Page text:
Best Drama Movies on Netflix Right Now (2020)

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276138 22: Screenwriter John Hodge, actor Ewen Bremner, director Danny Boyle, actor Johnny Lee Miller and producer Andrew Macdonald attend the premiere of ‘Trainspotting’ July 15, 1996, in New York City. This British film received a 1997 Academy Award nomination for Best Screenplay. (Photo by Evan Agostini/Liaison)
276138 22: Screenwriter John Hodge, actor Ewen Bremner, director Danny Boyle, actor Johnny Lee Miller and producer Andrew Macdonald attend the premiere of ‘Trainspotting’ July 15, 1996, in New York City. This British film received a 1997 Academy Award nomination for Best Screenplay. (Photo by Evan Agostini/Liaison) /

No. 15 – Trainspotting (1996)

Written by: John Hodge (screenplay)/Irvine Welsh (novel)

Directed by: Danny Boyle

Starring Ewan McGregor, Ewen Bremner, Robert Carlyle, Jonny Lee Miller, and Kevin McKidd

Trainspotting is an incredibly uncomfortable film about addiction, but it is a cult classic in every sense. Following the lives of five young men, most of whom are dealing with addiction, Danny Boyle’s film lets us peer into the world of drugs, addiction, and withdrawal, and the journey is quite rough. The film’s main protagonist, Rent Boy (McGregor), clearly wants to leave this life behind, despite all of the mistakes he’s made, yet can’t seem to destroy his own life while watching his friends (Bremner, Carlyle, McKidd and Miller) do the same.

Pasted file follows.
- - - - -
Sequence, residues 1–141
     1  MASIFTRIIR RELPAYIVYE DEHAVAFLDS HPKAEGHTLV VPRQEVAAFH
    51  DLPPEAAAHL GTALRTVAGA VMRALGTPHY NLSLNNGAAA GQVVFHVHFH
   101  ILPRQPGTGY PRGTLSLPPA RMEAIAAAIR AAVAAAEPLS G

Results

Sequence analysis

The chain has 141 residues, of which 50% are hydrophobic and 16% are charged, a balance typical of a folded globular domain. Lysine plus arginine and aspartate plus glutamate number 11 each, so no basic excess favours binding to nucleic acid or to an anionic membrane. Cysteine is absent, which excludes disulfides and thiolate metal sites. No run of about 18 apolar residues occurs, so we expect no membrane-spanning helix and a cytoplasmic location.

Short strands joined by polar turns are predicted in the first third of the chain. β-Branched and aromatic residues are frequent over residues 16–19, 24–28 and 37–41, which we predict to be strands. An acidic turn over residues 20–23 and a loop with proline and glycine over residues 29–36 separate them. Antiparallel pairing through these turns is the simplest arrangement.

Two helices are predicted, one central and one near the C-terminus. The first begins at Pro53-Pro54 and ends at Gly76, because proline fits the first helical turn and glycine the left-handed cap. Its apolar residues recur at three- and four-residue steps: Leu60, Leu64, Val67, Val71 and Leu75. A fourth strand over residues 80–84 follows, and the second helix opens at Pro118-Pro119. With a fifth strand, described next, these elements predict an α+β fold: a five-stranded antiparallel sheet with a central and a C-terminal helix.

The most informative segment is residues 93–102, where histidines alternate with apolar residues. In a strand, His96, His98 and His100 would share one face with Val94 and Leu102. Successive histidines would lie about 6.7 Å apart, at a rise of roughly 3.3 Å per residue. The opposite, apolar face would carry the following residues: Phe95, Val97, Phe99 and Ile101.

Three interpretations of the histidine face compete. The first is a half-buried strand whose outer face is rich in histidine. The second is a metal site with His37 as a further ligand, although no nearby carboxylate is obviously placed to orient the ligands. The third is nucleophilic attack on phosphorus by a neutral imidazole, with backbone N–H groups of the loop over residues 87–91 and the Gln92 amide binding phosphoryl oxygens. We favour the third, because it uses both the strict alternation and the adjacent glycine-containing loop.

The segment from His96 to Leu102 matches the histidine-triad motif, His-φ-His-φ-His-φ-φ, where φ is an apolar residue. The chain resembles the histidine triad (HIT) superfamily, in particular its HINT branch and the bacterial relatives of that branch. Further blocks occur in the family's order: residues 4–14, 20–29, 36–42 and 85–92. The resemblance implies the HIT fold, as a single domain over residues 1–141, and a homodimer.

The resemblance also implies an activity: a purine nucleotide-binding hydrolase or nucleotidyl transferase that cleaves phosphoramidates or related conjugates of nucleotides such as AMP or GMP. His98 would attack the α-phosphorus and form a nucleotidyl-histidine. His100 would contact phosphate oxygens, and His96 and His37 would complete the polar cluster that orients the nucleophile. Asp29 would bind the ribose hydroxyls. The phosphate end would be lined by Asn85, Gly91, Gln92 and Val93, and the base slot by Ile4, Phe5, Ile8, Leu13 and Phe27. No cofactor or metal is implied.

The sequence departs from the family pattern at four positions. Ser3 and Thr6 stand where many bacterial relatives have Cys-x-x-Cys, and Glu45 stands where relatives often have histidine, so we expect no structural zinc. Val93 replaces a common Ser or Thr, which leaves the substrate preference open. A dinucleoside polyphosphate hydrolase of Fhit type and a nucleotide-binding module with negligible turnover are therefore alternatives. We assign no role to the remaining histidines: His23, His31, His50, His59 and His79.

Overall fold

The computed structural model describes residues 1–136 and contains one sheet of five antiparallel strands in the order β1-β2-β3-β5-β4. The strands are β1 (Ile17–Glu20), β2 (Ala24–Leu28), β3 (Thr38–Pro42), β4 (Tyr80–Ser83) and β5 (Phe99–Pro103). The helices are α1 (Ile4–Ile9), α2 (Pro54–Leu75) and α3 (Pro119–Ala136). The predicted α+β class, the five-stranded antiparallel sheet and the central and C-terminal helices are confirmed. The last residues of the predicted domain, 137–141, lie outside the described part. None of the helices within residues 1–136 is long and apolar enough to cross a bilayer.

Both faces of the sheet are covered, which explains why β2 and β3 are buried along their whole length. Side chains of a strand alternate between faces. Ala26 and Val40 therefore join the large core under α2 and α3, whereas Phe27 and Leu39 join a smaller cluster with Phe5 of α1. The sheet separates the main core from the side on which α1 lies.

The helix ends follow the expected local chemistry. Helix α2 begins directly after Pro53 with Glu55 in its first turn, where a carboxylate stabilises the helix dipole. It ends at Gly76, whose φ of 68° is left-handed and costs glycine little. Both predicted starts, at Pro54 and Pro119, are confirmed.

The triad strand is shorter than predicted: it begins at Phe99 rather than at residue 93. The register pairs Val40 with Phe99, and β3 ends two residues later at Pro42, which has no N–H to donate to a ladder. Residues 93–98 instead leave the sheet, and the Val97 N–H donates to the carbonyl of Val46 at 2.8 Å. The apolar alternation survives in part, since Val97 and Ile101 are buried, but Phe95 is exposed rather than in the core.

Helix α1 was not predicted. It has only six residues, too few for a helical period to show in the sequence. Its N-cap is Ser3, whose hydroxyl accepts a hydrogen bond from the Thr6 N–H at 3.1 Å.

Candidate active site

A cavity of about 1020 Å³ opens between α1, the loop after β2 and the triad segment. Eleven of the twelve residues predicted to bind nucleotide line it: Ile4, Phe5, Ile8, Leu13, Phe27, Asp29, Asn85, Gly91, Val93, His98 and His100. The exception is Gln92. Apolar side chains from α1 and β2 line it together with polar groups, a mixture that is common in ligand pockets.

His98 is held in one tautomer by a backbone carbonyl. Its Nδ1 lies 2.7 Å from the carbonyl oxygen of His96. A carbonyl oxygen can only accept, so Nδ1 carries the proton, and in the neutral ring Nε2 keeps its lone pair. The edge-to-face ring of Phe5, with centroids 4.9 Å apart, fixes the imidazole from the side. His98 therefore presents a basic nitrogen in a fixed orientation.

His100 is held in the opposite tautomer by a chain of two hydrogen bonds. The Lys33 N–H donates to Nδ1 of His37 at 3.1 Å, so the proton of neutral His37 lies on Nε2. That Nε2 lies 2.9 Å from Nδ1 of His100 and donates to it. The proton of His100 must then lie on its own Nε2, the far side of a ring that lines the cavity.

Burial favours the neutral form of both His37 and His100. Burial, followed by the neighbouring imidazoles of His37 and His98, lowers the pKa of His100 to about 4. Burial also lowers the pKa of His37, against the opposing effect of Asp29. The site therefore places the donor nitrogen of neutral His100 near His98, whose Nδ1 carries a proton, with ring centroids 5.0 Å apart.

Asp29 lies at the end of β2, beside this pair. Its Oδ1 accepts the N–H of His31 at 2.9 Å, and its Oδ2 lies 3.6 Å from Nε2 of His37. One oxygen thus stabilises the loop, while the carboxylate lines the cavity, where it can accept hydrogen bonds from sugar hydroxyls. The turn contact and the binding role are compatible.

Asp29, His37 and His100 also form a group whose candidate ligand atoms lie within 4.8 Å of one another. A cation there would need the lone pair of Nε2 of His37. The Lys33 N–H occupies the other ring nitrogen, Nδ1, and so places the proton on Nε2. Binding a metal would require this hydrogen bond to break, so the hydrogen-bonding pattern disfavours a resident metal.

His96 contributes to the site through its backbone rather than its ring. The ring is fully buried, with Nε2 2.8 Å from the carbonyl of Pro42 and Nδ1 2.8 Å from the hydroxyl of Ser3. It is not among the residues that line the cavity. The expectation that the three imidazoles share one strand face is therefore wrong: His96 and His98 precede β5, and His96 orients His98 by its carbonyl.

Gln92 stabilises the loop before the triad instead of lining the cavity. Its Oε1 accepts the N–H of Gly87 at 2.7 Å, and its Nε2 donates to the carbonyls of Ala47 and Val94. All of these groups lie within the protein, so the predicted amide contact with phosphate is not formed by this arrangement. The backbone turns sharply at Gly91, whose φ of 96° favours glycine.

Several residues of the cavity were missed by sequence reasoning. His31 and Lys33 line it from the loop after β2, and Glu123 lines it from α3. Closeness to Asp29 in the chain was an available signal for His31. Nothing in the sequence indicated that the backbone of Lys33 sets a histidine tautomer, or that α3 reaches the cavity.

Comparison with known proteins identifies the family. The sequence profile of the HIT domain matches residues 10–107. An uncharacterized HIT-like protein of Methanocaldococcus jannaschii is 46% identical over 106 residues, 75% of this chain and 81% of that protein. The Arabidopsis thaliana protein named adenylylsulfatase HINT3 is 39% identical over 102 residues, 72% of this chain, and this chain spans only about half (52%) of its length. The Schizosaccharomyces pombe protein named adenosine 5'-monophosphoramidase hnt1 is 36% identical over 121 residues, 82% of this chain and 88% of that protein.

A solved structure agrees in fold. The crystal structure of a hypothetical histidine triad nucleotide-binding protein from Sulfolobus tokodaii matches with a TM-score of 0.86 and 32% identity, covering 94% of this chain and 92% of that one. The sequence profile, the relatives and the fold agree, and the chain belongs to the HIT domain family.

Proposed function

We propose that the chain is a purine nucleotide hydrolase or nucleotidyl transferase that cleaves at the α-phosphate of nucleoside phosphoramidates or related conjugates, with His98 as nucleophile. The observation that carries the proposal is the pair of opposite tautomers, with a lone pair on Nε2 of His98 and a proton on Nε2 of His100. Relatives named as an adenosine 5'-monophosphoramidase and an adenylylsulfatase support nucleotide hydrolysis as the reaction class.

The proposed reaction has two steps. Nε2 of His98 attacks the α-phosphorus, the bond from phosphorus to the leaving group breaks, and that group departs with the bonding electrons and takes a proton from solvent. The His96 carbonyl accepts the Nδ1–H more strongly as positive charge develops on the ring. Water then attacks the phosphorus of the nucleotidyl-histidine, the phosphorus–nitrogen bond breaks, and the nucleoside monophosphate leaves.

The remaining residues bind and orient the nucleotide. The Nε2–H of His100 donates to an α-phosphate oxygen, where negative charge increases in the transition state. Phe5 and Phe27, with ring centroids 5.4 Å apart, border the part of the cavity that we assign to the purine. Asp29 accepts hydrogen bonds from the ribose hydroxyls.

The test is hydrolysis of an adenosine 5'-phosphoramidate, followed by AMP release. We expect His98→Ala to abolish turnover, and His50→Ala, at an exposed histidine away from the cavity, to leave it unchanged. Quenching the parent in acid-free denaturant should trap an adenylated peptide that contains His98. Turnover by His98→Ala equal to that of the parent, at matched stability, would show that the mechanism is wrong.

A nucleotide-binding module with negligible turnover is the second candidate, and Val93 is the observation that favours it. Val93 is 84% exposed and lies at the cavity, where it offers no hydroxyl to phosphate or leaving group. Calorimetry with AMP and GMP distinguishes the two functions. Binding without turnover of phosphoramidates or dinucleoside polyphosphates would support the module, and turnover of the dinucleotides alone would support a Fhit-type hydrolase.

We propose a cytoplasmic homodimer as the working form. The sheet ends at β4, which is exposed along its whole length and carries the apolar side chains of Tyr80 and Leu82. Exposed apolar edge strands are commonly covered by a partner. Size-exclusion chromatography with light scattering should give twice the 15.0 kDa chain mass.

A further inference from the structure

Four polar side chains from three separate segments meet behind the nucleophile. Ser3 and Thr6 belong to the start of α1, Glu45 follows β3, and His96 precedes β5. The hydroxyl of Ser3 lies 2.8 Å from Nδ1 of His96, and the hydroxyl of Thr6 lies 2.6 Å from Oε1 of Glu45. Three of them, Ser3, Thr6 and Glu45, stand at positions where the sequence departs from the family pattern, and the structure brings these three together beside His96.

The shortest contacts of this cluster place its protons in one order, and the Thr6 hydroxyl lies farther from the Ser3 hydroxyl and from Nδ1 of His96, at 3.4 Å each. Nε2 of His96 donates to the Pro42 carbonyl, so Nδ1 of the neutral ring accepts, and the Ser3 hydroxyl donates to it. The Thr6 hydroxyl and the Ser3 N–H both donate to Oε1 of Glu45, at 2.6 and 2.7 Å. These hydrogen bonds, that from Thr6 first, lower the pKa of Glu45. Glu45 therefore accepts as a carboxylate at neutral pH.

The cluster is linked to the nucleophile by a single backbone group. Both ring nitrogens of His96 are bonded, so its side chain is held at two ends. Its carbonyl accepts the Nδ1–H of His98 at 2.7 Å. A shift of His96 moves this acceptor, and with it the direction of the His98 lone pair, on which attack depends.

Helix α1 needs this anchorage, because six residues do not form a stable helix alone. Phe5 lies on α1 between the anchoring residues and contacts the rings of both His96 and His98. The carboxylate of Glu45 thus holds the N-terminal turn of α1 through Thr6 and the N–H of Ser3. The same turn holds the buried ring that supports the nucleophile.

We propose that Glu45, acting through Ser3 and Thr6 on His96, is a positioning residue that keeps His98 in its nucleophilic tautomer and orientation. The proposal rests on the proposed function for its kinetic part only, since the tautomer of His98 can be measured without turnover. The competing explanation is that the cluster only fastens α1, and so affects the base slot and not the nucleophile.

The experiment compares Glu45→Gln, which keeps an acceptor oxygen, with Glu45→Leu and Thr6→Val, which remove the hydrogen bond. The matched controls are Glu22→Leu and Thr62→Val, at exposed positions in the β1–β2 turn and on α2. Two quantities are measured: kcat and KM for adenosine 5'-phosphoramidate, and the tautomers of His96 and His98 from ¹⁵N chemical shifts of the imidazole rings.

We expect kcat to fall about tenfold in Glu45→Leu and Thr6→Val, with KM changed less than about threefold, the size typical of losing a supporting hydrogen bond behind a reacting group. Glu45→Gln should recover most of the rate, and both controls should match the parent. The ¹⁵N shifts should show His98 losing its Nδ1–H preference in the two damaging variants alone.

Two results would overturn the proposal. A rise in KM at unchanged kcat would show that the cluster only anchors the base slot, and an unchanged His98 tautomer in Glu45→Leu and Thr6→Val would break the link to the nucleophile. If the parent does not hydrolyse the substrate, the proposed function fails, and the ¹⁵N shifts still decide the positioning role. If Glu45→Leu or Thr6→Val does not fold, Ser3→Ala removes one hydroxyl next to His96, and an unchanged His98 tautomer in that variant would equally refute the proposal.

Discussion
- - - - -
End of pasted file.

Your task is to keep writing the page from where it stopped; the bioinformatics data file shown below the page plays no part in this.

Danny Boyle films tend to take us to places we aren’t necessarily prepared to handle, and he has a way of creating a very intense and dark world in front of our eyes without restoring to a large amount of violence. In even his other films, such as 28 Days Later, he manages to show us death, destruction, and violence in very abstract ways that actually make it more uncomfortable to experience. For instance, we watch as Rent Boy’s friend Tommy (McKidd) destroys his life by finally succumbing to addiction despite resisting for so long, yet we only see the aftermath of his destruction once he has HIV and is dying. Trainspotting does a brilliant job of allowing you to see this kind of pain from the characters, if only in glimpses, by contrasting it with what they could have been before or after their addictions.